Sunday, October 13, 2013

Scylla and Charybdis: Olives

This year's olive harvest was rather nice.  *Yes, my two little trees are named Scylla and Charybdis, because I planted them a little too close on a slope, so picking is somewhat treacherous. Last year almost the entire harvest was devoted to my mad attempt to press oil by hand. Warning: it can not be done. So this year I tried various cures. They have to be picked before they fully ripen or the bugs get them, though oddly that wasn't the case last year when I had some black salt cured olives too. Well, some were cured as I always do: just brine. Takes a year and a few changes of brine every few months. But they stay firm and vegetal. Far right is one tree's early harvest. The other I slashed, soaked in water and brined in Spanish fashion, which is the quickest way to do it. But the grand new experiment was using lye. LET me tell you; scary stuff. And not easy to find, try hardware stores but not Home Despot. Oh, and Red Devil is now apparently called Rooto. Evil warnings still appear on the label. The proportions in the cure were given to me by Megan Brown (see The Cult of Prepasteurian Food Preservation group on Facebook). I doubled her formula using 2 gallons of water and 8 tbs of lye at 70 degrees F. It covered the olives. After 12 hours I drained and repeated. USE GLOVES!! And goggles. Then rinse for 3-5 days with water draining and rerinsing 3 times a day. I was gone the past few days so it was more like a week. Then it went into strong brine. In one quart jar I added lemon peel, spices and chilies for kicks. They already taste good. A little soft, and I do prefer a bit of crunch, but still, so far a real success. Thanks Megan and everyone else in the Cult for the inspiration.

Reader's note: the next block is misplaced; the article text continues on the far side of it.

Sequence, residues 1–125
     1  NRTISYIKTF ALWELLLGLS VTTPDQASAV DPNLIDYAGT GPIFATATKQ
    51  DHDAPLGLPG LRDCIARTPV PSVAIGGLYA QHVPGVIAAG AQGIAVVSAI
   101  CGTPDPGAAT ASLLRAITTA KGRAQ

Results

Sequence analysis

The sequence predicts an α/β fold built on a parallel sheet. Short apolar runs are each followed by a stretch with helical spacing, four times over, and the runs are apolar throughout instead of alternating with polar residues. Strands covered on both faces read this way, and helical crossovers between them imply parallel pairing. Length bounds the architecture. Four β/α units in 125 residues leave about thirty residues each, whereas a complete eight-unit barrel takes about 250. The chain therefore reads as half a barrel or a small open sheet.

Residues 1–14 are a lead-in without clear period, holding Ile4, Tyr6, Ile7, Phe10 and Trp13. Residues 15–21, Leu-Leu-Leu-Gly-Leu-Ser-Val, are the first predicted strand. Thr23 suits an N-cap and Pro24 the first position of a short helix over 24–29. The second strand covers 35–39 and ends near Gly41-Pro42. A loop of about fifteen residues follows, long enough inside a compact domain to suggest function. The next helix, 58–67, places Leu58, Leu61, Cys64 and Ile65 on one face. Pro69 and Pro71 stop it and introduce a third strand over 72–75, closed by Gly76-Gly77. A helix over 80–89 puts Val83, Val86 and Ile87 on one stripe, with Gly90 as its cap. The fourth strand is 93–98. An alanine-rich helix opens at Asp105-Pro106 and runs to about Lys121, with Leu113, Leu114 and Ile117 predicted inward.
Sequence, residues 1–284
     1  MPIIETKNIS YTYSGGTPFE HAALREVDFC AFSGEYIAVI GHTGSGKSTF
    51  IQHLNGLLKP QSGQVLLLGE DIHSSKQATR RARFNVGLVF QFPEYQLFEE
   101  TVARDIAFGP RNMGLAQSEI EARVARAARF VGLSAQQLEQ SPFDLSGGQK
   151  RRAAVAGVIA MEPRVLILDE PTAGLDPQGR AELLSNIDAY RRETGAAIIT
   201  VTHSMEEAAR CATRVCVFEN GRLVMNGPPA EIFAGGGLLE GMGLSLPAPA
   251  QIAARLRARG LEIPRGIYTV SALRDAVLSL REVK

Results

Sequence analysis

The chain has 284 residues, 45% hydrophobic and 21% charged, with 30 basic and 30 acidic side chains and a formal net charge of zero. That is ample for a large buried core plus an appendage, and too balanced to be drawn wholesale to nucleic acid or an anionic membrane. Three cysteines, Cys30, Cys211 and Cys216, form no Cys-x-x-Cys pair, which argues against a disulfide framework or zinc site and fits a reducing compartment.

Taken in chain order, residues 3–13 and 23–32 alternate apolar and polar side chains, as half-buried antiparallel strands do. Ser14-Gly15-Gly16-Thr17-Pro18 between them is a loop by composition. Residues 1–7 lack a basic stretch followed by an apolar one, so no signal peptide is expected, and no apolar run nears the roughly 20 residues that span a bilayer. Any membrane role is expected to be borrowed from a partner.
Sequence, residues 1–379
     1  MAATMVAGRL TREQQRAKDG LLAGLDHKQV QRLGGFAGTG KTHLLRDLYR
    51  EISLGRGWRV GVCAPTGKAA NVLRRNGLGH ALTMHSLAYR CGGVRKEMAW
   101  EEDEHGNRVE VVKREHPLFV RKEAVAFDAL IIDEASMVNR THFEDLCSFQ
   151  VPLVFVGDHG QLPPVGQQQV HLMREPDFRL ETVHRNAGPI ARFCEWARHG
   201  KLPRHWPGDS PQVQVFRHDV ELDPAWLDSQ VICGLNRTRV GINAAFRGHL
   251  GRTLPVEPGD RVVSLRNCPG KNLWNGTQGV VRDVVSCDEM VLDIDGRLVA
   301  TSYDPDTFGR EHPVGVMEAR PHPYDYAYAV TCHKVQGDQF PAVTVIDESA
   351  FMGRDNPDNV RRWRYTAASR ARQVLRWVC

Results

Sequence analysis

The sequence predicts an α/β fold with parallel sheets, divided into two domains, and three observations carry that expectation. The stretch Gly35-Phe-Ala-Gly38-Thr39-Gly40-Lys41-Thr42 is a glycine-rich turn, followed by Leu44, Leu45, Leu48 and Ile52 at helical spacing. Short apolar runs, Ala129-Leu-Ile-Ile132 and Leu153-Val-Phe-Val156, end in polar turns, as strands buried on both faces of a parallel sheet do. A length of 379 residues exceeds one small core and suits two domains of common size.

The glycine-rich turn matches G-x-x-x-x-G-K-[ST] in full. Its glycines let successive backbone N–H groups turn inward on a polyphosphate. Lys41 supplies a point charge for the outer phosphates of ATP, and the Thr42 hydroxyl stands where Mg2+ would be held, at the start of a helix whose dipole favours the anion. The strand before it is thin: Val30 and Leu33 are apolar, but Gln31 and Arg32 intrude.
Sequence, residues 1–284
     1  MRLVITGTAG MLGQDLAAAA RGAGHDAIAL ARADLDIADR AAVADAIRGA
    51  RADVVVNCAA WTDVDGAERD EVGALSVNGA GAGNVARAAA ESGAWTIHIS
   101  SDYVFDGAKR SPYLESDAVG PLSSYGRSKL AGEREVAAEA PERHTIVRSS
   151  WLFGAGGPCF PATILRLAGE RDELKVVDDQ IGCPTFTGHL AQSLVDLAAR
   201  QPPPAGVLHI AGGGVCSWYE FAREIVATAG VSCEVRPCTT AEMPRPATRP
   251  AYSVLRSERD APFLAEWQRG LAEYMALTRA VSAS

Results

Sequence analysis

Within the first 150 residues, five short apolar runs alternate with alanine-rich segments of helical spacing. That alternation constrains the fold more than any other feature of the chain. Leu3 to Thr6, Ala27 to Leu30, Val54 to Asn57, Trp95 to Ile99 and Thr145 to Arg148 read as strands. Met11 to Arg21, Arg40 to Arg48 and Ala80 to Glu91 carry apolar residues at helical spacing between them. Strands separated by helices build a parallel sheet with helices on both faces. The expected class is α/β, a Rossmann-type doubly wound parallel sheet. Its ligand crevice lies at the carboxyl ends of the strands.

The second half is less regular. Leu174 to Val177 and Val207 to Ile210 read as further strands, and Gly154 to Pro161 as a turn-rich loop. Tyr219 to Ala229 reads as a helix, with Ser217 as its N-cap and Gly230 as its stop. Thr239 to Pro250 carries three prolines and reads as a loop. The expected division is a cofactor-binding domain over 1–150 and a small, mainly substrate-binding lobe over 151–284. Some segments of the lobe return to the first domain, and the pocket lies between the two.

Unknown said...

I've been experimenting with historic olive cures for a few years, mostly from medieval Islamic sources, but a few from the northern side of the Mediterranean. This year I'm playing with a number of Roman olive cures -- several from Columella (1st Century CE) and one or two from Palladius (4th/5th century CE). I'd be interested in hearing your take on the historic origin of lye-based cures. So far, I've only found one historic cure that comes close to using lye: one of the cures in Palladius uses a slurry of wood ash and wine. I'm trying that one right now -- it will be interesting to see what happens. I've also just found a couple of 14th century Egyptian cures that use (mineral) lime. Both are in Arabic, and I'm working on translating them -- a slow process with my very limited Arabic.

In any case, if you have any insights as to when folks started using lye to cure olives, I love to hear them.

Ken Albala said...

Yes, I have tried some of these. Isn't there one in Cato that uses ashes too? In any case, I tried one of the Roman recipes for my last cookbook, but it didn't work. Nor did my attempts to make lye from ashes. So that section never made it in. Which is why this industrial version is my first attempt. They came out pretty good. But I'd love to hear the details of your experiments.